Like everything else Ethan learns, I need to be able to say, “See? This is how you do it.” “This is how to hate your own pride.” “Pay attention; this is how you show mercy.” “Watch me love when I don’t feel like it.”
“Okay, Ethan. Now you do it. I will help you.”
Because, after all, if forgiveness does not grow in a person’s heart, something else will plant itself in the soil of a hurting heart. Bitterness. A deadly cancer which fools you into thinking you’re punishing the offender, when all the while the only one dying inside is you.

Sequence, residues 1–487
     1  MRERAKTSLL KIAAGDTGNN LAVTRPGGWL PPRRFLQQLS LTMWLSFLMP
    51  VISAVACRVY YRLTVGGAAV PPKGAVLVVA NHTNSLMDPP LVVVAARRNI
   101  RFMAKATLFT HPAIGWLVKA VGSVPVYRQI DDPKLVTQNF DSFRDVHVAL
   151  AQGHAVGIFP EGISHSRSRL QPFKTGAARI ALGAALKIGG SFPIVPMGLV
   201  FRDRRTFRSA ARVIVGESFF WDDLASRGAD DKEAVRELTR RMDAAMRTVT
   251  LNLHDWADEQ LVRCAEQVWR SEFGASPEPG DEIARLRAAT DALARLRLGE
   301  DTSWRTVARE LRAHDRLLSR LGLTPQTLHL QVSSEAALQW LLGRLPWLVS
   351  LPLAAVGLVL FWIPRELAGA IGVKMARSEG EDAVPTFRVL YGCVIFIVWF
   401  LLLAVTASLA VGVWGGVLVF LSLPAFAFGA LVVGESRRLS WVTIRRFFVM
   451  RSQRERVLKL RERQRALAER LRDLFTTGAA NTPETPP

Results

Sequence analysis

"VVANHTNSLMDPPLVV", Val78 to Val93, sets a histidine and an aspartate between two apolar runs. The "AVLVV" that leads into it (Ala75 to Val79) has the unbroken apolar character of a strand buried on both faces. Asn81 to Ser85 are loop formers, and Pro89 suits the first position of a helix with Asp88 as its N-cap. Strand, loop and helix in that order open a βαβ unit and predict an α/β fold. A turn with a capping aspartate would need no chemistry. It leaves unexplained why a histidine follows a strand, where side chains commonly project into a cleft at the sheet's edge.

No doubt my mistakes as a mother will be many. I am saddened to think that my son will have to, like everyone else, endure the pain of recognizing his parents weren’t perfect. I wish I could be everything he needed, at every moment. But my imperfection as a caregiver will prepare him to deal will an imperfect world, where he will have to find it in himself to love when it’s painful, show mercy to the undeserving, and to forgive wholeheartedly.
But he will only find these things in his heart if they’ve been planted.